Editor's note: This article was updated Sunday, Sept. 1, at 11:30 a.m. AKST. The story initially reported that Lilly's descent "continued" on runway 25. The error was made in editing and the story updated to reflect the mistake and correction.
The National Transportation and Safety Board (NTSB) on Friday released its preliminary report on the Anchorage plane crash that killed pilot Rob Lilly and his girlfriend, Jessi Nelsen, on Aug. 24. The report was filed after NTSB investigators reviewed radio transmissions recorded between Lilly and Merrill Field Air Traffic Control (ATC).
Lilly was flying his Cessna 150 and cleared to land on the 4,000-foot-long runway 25, following a Cessna 172, also on final approach. After the C172 landed it was instructed by ATC to exit the runway when able as there was additional landing traffic. Shortly after this communication, Lilly was instructed to go-around but did not respond. He was subsequently instructed twice more to go-around -- and again did not respond. The aircraft did stop descending however and continued to fly over runway 25.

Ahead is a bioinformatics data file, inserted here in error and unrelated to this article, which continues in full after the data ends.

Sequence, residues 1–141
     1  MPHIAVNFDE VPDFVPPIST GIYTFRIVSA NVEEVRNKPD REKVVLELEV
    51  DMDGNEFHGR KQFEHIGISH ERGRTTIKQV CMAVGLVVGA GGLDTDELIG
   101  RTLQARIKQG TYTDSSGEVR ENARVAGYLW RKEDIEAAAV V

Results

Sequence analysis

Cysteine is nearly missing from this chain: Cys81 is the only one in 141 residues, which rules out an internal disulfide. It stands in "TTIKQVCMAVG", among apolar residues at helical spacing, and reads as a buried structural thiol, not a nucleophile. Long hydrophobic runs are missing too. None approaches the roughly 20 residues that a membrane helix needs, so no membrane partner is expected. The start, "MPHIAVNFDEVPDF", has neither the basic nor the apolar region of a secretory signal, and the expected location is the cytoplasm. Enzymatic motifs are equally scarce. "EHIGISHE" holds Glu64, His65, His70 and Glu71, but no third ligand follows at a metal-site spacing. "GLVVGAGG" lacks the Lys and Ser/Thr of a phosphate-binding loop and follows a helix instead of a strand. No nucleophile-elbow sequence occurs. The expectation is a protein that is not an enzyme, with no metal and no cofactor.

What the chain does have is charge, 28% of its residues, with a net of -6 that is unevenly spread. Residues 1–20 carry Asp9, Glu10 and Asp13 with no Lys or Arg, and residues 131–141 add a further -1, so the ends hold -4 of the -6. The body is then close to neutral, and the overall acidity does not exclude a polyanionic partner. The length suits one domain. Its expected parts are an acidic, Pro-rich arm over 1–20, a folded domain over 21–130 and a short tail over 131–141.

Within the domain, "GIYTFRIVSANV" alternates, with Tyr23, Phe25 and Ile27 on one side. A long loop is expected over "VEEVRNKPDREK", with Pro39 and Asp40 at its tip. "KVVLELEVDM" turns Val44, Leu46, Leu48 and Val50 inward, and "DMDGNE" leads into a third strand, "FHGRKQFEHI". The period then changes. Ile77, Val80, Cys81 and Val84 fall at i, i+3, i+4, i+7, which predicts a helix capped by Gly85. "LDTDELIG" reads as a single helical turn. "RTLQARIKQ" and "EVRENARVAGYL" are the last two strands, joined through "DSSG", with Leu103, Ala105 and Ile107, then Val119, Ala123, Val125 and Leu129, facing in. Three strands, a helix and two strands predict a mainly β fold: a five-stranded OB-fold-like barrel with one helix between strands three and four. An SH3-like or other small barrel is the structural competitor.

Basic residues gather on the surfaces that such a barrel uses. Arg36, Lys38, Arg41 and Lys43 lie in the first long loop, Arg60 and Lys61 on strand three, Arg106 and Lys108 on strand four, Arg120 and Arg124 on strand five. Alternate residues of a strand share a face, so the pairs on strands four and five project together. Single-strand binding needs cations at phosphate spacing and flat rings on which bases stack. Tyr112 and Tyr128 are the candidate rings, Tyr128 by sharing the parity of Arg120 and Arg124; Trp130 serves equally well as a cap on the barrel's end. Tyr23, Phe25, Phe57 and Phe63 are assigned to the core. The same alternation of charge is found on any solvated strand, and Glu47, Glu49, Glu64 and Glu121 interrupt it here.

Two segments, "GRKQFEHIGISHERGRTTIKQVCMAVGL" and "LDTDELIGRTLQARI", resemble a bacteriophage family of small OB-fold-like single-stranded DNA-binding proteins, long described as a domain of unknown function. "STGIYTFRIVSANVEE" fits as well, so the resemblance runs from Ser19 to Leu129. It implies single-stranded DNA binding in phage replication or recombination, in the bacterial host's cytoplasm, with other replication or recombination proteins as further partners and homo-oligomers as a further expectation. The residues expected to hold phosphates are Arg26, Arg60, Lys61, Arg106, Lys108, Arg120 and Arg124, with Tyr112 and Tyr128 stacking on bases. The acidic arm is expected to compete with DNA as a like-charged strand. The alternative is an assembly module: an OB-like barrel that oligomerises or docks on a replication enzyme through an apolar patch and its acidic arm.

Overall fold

Multiple witnesses reported to the NTSB that the Cessna 150 flew down the runway at about 100 feet in a nose high attitude. As it continued over the departure end of the runway, the engine was heard to quit and the plane next took a steep left turn back to the airport. In that turn the C150 rolled to the left, descended and then crashed into the grassy terrain about 400 weet west of the runway, where it came to rest in a nose low position.
Investigators recovered the aircraft's engine and all major structural components, which will be tested for any anomalies.
According to family members, the 31-year-old Lilly had recently obtained his commercial pilot’s license. This license, which requires 250 total hours of flight time meeting a variety of specific standards and conditions, is the second license a pilot can obtain following private pilot. Lilly had reportedly just been hired in a professional capacity at a commercial operator.
The preliminary report indicates the crash occurred due to a low altitude “departure stall.” Investigators aren't yet sure whether mechanical difficulties played a role.
Contact Colleen Mondor at colleen(at)alaskadispatch.com